In 1918, Children Of California Went On A State-Ordered Squirrel Killing Frenzy

California ground squirrels : a bulletin dealing with life histories, habits and control of the ground squirrels of California / [by J. Grinnell, J, Dixon and others]. Public Domain via Internet Archive.

In April of 1918, while the world was at war, the children of California set about systematically slaughtering over 100,000 squirrels.

Californian ground squirrels were considered a pest by the state, given their habit of devouring around 30 million dollars worth of crops every year. After years of farmers trying to chase them down like Elmer Fudd had failed to get them under control, the state stepped in with its own idea: Get children to murder every last one of the adorable little irritants.

As you'd imagine, getting kids to go outside and wipe a species off the face of the planet isn't the easiest thing in the world – even in the days before the PS5 and Shrek. As well as the struggle of making them go outside, try telling a kid "here's a list of animals I want you to kill" and see what sort of look you get in return. Fortunately, the state had a plan. They would simply launch a $40,000 propaganda campaign against the squirrels, likening them to top-ranking Germans.

The campaign, which would involve creating competitions between schools and schoolchildren for who could kill the most critters, was kicked off by the state commissioner George H. Hecke who called for children to form "a company of soldiers" to get out there and destroy "the squirrel army", which is an unusually combative term for "squirrels". 

Speeches were given to rally the troops, and some of the most deranged posters you'll ever see distributed to (presumably quite baffled) kids. As well as painting the squirrels as greedy jerks under catchy slogans such as "kill the squirrels" and "slay the mother squirrel during breeding season", squirrels were dressed up as Kaiser Willhelm.

The picnic seems quite cute until you notice the guns and poison. Public Domain via Internet Archive.
Public Domain via Internet Archive.

After the propaganda campaign came the killing. In what was termed "squirrel week" – which was a lot more genocidal than the adorable name implies – kids were asked to bring the tails to schools as proof of the kill and subsequent dismemberment. This was because in the lead-up to squirrel week, the instruction had been to send them directly to the horticultural commission, which had begun to reek of death due to the "accumulation of ground squirrel tails" in the office.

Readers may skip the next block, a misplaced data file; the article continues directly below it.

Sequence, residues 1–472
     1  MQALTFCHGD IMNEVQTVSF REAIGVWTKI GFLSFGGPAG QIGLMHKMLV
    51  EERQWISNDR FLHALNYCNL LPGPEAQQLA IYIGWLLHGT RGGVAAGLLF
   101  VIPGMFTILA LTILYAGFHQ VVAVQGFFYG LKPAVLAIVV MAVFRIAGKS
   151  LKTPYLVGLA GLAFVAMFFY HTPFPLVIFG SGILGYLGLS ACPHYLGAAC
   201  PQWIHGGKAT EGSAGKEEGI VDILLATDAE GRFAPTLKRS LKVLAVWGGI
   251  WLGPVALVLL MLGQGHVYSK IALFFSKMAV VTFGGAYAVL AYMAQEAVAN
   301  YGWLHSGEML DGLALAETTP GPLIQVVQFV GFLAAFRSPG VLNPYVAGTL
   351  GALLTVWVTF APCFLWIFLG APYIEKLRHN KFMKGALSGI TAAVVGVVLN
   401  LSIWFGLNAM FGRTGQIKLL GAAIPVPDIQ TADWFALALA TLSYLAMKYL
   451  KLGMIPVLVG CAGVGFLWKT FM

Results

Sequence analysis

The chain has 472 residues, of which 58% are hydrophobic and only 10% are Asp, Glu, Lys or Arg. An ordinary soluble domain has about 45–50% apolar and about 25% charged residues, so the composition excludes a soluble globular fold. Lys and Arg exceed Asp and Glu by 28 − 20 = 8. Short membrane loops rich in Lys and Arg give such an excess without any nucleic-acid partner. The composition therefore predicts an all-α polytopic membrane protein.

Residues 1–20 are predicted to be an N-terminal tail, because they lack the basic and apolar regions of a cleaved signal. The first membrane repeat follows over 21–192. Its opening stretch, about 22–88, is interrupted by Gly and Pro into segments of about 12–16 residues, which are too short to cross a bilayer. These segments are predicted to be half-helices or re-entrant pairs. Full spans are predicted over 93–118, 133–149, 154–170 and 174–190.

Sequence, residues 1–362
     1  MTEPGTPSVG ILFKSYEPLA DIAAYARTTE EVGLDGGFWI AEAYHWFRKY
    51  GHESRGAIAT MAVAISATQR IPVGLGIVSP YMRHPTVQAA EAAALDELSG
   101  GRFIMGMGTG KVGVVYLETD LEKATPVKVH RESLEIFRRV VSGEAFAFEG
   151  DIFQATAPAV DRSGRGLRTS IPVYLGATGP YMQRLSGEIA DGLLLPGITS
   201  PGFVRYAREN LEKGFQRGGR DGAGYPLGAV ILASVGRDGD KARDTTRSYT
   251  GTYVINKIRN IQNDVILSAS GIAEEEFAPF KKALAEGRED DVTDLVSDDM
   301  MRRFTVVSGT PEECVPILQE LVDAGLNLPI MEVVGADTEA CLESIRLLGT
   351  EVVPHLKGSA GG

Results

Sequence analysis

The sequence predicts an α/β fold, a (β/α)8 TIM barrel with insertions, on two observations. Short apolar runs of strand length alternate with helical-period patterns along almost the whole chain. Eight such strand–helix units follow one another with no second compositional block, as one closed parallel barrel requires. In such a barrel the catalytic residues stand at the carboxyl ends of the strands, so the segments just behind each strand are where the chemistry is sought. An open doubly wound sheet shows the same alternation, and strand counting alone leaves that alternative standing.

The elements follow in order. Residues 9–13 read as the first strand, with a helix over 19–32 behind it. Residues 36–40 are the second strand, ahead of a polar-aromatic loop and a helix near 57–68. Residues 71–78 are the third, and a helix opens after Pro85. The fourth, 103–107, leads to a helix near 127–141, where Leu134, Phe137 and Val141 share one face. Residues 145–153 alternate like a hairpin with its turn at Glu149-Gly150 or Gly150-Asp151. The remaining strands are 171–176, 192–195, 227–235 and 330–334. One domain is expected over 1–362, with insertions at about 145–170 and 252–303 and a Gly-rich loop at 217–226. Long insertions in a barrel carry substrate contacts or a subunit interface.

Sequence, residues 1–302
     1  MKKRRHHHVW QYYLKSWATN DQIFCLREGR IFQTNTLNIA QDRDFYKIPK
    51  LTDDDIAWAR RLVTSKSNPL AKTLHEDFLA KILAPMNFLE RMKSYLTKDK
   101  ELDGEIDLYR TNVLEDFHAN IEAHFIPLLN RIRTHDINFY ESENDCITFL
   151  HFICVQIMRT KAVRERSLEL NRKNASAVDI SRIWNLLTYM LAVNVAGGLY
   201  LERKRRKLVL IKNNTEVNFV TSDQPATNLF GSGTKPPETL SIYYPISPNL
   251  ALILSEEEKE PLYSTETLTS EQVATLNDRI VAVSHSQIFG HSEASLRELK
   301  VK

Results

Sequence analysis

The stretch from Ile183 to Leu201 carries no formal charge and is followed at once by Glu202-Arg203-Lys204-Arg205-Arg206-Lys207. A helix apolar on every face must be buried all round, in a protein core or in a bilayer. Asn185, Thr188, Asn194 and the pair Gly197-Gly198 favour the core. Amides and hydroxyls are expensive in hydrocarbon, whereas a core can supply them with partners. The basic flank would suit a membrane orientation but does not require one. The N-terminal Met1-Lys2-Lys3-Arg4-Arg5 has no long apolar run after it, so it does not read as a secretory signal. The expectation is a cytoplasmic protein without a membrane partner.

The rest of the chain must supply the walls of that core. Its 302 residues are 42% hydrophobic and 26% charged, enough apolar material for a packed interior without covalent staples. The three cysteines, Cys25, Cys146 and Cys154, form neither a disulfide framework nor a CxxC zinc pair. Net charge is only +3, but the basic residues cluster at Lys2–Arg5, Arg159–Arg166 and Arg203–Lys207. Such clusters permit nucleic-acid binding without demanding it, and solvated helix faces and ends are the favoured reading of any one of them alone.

The methods of killing ranged from poison to shooting and everything in between.

"All the killing devices of modern warfare will be used in the effort to annihilate the squirrel army including gas poisoned barley and other destructive agents," a news report read at the time.

"Large quantities of these supplies are being rushed to the fronts where the fighting will be the fiercest. The battle will gain in intensity as days pass and will be at its height during state “Squirrel week” to be proclaimed by the governor from April 29 to May 4."

The leaflet campaign had clearly been effective, as the week-long frenzy brought in an astonishing 104,509 tails. The Commissioner congratulated the children in the local paper for their "patriotic service" and encouraged them to do it in their spare time for fun now that the competition was over, rather than, for instance, giving badminton a try. 

With the week over and the prizes given out, the killing nevertheless continued in some counties unabated, with one frankly terrifying kid bringing in 3,780 dead squirrels, which I guess at least helped with his math.

[H/T: Atlas Obscura]



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